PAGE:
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Wall Street Journal
Gates Contributes $50 Million To Help AIDS Fund Narrow Gap
Marilyn Chase, Staff Reporter
July 16, 2004
BANGKOK -- Addressing a major funding gap, the Bill and Melinda Gates Foundation said it will give a $50 million grant to the Global Fund to Fight AIDS, Tuberculosis and Malaria.

Separately, doctors at the XV International AIDS Conference in Thailand urged pharmaceutical companies to provide at least two years of care for patients who volunteer for drug studies after the studies end.

The new grant by the foundation of software entrepreneur Bill Gates boosts its total giving to the Global Fund to date to $150 million.

Helene Gayle, head of the Gates Foundation AIDS programs, called on donors around the world to increase their commitments to the Global Fund.

The Geneva-based Global Fund, a partnership of governments, the private sector and other groups, says it lags far behind the fund-raising targets it must meet to stay on course.

Richard Feachem, executive director of the Global Fund, said the Gates Foundation gift comes at a critical moment and "will help leverage further funds from additional donors." The fund supports 300 projects in 130 countries.

Prior to the new Gates grant, Global fund donors had committed $3.4 billion to the Global Fund through the end of 2004, the Gates Foundation said. Current pledges for 2005 to 2008 total just $2 billion -- far short of the $3.6 billion that the Global Fund says it needs in 2005 alone.

Dr. Gayle, in announcing the Gates Foundation's new grant, nudged the U.S. government -- already the Global Fund's largest single donor -- to boost its contributions as much as the law allows. U.S. law limits the country's contribution to no more than one-third of the total annual contributions to the Global Fund, or about $550 million for 2004.

In a statement, Tommy Thompson, U.S. Secretary of Health and Human Services, who also chairs the Global Fund, praised the Gates gift as "a real boost." Mr. Thompson didn't attend this year's AIDS Conference. Protests at the conference two years ago in Barcelona, Spain were vehement. On Wednesday, demonstrators shouted down the U.S. Global AIDS Coordinator, Randall Tobias, who came to Bangkok representing the Bush administration. The protesters demanded greater U.S. support for the Global Fund, and the fulfillment of billions of dollars in promised support to fight AIDS.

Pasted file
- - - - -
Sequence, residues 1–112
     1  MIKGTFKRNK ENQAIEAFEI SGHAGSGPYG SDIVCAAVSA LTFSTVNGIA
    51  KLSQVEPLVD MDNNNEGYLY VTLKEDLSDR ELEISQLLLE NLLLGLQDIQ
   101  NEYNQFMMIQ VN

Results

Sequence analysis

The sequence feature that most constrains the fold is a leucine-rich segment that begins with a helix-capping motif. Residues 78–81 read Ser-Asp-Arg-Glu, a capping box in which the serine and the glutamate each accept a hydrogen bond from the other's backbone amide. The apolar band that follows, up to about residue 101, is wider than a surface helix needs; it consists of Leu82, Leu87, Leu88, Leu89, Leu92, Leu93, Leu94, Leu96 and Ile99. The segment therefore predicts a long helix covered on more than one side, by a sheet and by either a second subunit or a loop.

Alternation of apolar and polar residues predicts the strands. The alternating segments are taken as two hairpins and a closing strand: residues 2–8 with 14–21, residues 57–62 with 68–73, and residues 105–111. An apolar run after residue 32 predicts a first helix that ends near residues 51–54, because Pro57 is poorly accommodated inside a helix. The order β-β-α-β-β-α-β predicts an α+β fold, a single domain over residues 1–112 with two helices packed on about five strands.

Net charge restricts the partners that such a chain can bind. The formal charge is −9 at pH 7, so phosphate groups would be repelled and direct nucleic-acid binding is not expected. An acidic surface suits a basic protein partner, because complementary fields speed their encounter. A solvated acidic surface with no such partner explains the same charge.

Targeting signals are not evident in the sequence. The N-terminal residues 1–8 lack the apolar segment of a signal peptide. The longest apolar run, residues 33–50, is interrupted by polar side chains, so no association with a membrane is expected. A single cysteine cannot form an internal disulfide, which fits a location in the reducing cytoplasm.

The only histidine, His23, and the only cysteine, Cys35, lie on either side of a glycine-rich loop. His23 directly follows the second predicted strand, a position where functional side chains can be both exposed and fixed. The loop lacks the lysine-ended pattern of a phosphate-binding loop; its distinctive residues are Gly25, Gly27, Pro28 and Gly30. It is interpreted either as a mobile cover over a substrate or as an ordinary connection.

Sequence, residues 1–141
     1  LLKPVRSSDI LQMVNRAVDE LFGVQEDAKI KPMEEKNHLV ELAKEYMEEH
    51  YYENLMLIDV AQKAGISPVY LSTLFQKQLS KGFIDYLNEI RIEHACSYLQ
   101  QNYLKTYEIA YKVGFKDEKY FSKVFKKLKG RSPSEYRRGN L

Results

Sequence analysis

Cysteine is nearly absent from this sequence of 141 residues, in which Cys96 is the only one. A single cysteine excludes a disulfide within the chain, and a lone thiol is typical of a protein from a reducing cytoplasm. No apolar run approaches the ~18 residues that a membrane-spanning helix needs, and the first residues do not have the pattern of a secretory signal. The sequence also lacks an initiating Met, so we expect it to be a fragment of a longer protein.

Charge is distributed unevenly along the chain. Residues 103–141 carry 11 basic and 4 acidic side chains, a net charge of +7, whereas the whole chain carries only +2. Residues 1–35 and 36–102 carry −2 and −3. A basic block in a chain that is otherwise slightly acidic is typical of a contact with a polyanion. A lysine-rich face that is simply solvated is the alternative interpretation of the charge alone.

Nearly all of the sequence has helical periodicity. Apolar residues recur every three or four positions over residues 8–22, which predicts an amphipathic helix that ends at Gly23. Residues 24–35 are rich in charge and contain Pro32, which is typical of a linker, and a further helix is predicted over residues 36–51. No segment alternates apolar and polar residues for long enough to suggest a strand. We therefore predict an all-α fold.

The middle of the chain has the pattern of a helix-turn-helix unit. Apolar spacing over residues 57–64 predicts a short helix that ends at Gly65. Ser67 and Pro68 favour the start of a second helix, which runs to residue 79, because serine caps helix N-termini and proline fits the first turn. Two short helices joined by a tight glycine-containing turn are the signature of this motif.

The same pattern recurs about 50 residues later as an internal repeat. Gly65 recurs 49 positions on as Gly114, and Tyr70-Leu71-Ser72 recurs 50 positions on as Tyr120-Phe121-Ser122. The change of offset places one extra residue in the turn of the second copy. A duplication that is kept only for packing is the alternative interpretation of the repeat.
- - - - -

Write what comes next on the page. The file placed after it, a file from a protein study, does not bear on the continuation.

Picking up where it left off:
The AIDS conference, which was to close today, has focused on issues of access to treatment and care in Africa, Asia and throughout the developing world. Among many ethical issues is what happens to volunteers for big drug company studies in Asia and Africa after the studies are over.

The International AIDS Society, the co-sponsor of the Bangkok conference, late yesterday issued guidelines suggesting pharmaceutical companies agree to provide a minimum of two years of continuing care after the end of a clinical trial. That care could include supplies of a new treatment, or standard care as prescribed by the World Health Organization treatment guidelines.

"Two years is a floor, not a ceiling," said Robert L. Mallett, senior vice president of corporate affairs at Pfizer Inc., which is among companies supporting the guidelines. "Some companies have decided to do more," he said adding that Pfizer will support the care of its study volunteers for "as long as a patient continues to benefit, or until something better comes along."

Write to Marilyn Chase at marilyn.chase@wsj.com

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